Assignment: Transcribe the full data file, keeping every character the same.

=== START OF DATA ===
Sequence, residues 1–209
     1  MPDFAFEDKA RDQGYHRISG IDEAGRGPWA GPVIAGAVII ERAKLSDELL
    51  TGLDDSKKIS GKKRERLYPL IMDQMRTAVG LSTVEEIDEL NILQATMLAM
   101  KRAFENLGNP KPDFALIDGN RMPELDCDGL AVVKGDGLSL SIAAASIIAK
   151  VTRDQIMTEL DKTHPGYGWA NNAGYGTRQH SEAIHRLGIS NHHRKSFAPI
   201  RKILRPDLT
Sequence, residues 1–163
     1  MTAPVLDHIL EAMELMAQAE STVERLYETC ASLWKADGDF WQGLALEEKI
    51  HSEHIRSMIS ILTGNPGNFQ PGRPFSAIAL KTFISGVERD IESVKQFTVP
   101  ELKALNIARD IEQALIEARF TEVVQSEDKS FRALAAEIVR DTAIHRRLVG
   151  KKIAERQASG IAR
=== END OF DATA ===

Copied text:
Sequence, residues 1–209
     1  MPDFAFEDKA RDQGYHRISG IDEAGRGPWA GPVIAGAVII ERAKLSDELL
    51  TGLDDSKKIS GKKRERLYPL IMDQMRTAVG LSTVEEIDEL NILQATMLAM
   101  KRAFENLGNP KPDFALIDGN RMPELDCDGL AVVKGDGLSL SIAAASIIAK
   151  VTRDQIMTEL DKTHPGYGWA NNAGYGTRQH SEAIHRLGIS NHHRKSFAPI
   201  RKILRPDLT
Sequence, residues 1–163
     1  MTAPVLDHIL EAMELMAQAE STVERLYETC ASLWKADGDF WQGLALEEKI
    51  HSEHIRSMIS ILTGNPGNFQ PGRPFSAIAL KTFISGVERD IESVKQFTVP
   101  ELKALNIARD IEQALIEARF TEVVQSEDKS FRALAAEIVR DTAIHRRLVG
   151  KKIAERQASG IAR